This story first appeared on former NRMA site Living Well Navigator on March 18, 2015. Images by Mick Ross.
Picture this. You’re seated in a gorgeous art deco cinema, and suddenly below the deep crimson theatre curtain a space in the stage opens, and up rises a man dressed in a suit, playing a magnificent orchestral pipe organ.
The grand sound fills the whole cinema, it’s spellbinding and if only for a fleeting moment, you are treated to an authentic cinema performance, as it was back in the ’30s and ’40s.
Anyone lucky enough to have seen a film at the Hayden Orpheum Picture Palace, which opens with the playing of their famous Wurlitzer organ, will be sure to recall the smiling face of Neil Jensen, the cinema’s much-loved resident organist.
The longest-serving theatre organist in Australasian cinema theatre history, Jensen has held the role at the art deco cinema in Cremorne since it first reopened back in 1987.
“I was here during the original installation of the organ! I oversaw the installation and have overseen two major rebuilds of the organ during that time,” says Jensen of the exquisite Wurlitzer Hope-Jones orchestral pipe organ, which was made in 1925 and features 12 ranks and 1000 pipes and instruments. “Before that, I was the marketing and sales director for the Hammond Organ Company in Australia, and then got involved in more of the performance side of it.”
Starting as a pianist, before moving on to the organ, and later the theatre organ, Jensen taught himself to play the complex Wurlitzer organ. Laughing, he explains: “I Googled ‘How do you play the Wurlitzer organ?’ And up came all these YouTube links.”
Jensen plays the Wurlitzer before select screenings on the weekends, at the Orpheum’s Wednesday morning movie luncheons and at special live events – such as the five annual performances the Orpheum hosts with 18-piece band The Mell-O-Tones, who specialise in authentic arrangements of music from the ’30s through to the ’50s.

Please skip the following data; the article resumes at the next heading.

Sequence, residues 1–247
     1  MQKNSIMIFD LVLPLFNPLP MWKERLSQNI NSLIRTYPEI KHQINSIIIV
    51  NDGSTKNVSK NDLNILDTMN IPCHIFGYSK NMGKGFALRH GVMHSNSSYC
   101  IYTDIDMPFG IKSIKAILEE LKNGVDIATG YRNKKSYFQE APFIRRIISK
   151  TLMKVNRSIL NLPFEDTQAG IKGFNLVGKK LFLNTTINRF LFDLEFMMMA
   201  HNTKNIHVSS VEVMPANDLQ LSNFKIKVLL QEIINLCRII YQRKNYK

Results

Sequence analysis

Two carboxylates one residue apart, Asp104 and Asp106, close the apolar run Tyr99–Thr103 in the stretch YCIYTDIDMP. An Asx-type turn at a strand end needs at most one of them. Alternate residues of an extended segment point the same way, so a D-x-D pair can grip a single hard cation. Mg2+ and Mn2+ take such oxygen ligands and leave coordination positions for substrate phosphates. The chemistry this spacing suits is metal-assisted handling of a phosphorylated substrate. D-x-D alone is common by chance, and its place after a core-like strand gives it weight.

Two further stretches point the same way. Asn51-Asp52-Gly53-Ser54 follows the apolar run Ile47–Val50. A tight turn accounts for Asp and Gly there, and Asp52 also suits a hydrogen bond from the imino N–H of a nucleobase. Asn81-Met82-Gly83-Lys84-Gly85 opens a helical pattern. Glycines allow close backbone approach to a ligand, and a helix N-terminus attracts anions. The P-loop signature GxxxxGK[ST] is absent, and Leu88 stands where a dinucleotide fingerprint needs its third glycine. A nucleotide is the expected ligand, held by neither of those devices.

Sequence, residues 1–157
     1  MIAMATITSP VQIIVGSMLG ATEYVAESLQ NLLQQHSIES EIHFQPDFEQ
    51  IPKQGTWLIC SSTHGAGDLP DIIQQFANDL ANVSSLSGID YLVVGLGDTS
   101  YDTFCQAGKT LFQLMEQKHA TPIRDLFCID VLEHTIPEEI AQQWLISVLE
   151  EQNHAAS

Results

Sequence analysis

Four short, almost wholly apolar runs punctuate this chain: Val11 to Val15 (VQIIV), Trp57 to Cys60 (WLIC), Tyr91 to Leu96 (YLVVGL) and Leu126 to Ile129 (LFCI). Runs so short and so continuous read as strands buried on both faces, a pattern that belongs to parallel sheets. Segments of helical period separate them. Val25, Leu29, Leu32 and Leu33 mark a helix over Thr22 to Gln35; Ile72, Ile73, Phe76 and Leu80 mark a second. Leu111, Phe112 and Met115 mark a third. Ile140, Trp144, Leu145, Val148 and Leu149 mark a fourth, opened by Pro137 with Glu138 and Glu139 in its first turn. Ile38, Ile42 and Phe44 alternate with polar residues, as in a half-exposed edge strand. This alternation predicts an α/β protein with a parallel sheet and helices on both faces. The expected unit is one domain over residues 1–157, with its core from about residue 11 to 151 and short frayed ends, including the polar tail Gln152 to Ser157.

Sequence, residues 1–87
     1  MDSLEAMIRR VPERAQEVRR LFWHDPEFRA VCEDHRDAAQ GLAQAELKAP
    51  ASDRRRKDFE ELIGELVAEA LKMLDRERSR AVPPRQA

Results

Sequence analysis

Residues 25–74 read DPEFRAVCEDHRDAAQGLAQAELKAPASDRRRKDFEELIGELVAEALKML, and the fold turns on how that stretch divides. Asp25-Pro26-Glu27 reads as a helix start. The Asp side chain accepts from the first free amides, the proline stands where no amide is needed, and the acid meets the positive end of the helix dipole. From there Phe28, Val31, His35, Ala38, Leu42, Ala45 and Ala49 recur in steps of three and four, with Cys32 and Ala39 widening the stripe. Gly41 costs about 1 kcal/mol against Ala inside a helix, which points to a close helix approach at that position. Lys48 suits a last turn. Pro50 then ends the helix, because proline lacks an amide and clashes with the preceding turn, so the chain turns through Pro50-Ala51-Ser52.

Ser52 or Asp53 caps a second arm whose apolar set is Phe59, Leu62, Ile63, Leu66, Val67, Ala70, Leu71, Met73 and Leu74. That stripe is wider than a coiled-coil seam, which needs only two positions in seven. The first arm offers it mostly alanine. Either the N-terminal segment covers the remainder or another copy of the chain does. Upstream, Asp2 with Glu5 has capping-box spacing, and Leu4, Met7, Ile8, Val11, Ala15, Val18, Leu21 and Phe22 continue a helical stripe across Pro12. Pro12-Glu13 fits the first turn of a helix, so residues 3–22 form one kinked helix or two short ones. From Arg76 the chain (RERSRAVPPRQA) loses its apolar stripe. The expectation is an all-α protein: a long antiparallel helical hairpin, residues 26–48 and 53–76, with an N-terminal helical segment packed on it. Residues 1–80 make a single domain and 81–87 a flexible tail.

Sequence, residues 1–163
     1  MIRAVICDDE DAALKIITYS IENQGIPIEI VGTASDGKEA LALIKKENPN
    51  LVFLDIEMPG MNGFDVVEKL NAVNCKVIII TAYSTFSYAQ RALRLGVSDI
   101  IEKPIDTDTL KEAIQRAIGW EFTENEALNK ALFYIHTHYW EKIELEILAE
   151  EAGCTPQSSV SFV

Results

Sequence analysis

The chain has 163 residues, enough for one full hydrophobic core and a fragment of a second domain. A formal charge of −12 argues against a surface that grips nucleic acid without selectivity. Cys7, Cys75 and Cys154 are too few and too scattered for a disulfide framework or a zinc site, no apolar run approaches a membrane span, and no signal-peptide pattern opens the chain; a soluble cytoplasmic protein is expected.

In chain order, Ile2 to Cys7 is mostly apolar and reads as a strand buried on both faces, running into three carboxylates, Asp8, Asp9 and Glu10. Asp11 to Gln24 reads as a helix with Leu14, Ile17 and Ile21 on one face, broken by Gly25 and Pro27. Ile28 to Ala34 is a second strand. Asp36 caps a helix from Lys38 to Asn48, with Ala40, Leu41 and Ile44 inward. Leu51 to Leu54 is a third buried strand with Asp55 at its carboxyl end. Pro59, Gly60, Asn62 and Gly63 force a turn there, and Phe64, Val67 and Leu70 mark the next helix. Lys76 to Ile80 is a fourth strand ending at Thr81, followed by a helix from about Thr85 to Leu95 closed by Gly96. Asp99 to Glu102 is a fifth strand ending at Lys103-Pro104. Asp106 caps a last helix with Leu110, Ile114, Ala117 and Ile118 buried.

He notes there has only been two occasions during his 28-year tenure when the Wurlitzer shows didn’t run to schedule – once when a staff member tripped over a lead and a second time due to a heinous traffic jam.
While Jensen is resident organist, he is also the caretaker of the Wurlitzer organ, overseeing its restorations over the years but also modernising elements of it, such as implementing computerised control systems.
The nature of such work is highly specialised, so it’s not surprising to learn that Jensen also runs a music emulation software business. “It’s a whole virtualisation for an organ three times this size [of the Wurlitzer] for PC and Mac. It’s marketed on the net under Keymedia Productions.”
Funny and charming, Jensen is highly amiable, qualities that have seen him invited to play at organ concerts around the world. These same qualities are also sure to help clients connect with him in his other role, as a working part-owner of Sydney-based funeral business Men In Black. (Yes, that is a cheeky cinematic reference at work in the name there).
“Most people slow down as they get older,” reflects Neil, smiling. “But I only seem to be getting busier.” Indeed.